Oh, and here's a question: Who do you think is the mystery, redacted company that Facebook has made "multiple overtures to acquire?" My best guess is Pinterest, but I'd love to know what you think.


Sundar Pichai's semi-apology

Anna Kramer writes: What are the limits of worker activism? Can protests and NLRB complaints create long-lasting change at tech companies? That's the question employees everywhere are asking as the anger over Timnit Gebru's exit from Google refuses to go away.

Sundar Pichai apologized yesterday for the unhappiness caused by Gebru's departure, but Gebru saw it more as a defensive PR stunt than an apology.

  • Pichai promised an internal review of the events surrounding her exit and said he takes responsibility for how unhappy it made people. You could interpret that a number of ways, but Gebru and the thousands of Google workers and AI ethics leaders in her corner really didn't think much of it. "Don't paint me as an 'angry Black woman' for whom you need 'de-escalation strategies,'" she tweeted.
  • This isn't the first time a tech CEO has apologized for a controversy in hopes the furor will go away. Eventually the media circus dies down and journalists like me move on to other stories, and not much changes in the long run.

Because of all the news about NLRB complaints from last week that allege Google and Amazon violated labor laws, I also took a look at the NLRB database to get a sense of how much change such complaints create.

  • A scroll through the records found 18 open labor complaints against Amazon and its affiliates and eight against Google and Alphabet, as well as more than 100 closed cases against Amazon and 20 closed cases against Google.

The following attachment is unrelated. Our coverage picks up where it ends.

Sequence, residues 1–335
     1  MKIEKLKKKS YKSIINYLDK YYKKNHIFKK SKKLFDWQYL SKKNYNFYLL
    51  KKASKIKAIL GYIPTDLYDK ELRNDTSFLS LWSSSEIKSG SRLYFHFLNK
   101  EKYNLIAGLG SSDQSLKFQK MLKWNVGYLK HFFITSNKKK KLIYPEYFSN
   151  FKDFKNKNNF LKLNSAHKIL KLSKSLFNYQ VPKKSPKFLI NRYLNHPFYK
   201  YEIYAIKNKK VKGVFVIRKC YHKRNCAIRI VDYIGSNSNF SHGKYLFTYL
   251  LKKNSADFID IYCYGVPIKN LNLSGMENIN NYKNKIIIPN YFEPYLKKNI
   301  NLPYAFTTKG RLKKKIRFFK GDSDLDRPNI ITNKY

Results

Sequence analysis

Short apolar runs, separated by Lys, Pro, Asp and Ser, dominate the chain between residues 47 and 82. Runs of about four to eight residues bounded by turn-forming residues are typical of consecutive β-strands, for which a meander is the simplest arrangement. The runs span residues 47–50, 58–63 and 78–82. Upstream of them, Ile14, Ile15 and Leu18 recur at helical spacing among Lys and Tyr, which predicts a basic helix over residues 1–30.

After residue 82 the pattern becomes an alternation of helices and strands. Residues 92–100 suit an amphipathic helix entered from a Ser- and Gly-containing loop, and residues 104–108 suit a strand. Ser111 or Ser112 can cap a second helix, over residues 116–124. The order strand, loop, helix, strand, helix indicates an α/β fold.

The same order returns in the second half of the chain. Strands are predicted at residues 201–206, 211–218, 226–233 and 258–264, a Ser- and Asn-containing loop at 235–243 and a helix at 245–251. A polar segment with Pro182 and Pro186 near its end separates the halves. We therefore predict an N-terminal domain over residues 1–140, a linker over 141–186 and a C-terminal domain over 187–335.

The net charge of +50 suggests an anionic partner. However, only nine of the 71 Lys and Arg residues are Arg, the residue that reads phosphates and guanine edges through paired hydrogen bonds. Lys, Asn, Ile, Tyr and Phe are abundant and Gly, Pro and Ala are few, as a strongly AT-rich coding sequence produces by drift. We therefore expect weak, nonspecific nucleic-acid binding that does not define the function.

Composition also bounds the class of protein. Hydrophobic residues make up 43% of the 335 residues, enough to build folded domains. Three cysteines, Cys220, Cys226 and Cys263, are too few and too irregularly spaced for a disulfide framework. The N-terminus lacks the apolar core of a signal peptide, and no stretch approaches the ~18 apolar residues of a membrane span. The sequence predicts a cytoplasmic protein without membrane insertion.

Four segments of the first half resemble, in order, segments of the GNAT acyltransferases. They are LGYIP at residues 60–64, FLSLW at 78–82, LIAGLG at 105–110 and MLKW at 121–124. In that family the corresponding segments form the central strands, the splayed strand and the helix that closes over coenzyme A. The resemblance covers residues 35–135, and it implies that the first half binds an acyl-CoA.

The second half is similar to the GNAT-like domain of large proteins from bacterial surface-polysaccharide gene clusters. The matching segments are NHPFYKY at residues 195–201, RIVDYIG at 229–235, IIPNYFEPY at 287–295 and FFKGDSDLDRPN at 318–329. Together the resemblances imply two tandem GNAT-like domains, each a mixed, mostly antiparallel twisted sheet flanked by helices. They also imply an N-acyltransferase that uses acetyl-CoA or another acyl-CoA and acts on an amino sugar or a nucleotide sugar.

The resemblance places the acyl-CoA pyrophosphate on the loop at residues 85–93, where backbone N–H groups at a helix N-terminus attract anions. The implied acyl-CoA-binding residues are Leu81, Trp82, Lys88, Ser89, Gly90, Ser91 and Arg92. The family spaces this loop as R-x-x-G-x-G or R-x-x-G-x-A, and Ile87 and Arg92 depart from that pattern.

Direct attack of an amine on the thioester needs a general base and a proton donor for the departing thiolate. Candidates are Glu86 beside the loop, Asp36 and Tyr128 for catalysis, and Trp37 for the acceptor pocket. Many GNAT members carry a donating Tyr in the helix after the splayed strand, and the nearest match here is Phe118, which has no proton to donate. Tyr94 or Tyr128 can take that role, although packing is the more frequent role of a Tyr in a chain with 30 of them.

• The NLRB can provide some justice for one person or a group of workers from time to time, but it doesn't seem like many people remember these cases after they're closed.

So what's the answer for workers like Gebru? It's still a pretty open-ended question, because very little has changed historically. Maybe her saga will be one of the few with a different conclusion.

People Are Talking

The space-internet has many competitors, said OneWeb's Sunil Bharti Mittal, but the core issues require working together:

  • "A very important issue that the world is going to grapple with is going to be space debris … we need to ensure that players like SpaceX, Amazon, OneWeb and whoever else comes in are responsible space players."

Tim Cook offered a pretty expansive view of Apple's job as App Store curator:

  • "The way that we've always viewed our responsibility is that, as a platform owner, that we have the responsibility of how the product is used and not just to throw something out there and see how it's used and see what the implications of it are."



Contactless payments are no longer a nice to have.

At Synchrony, we understand the challenges of running a business. Our financial and technology solutions, like touchless payment tools, help you offer your customers more tailored experiences, so they keep coming back.

Learn more about our solutions.


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Number of the Day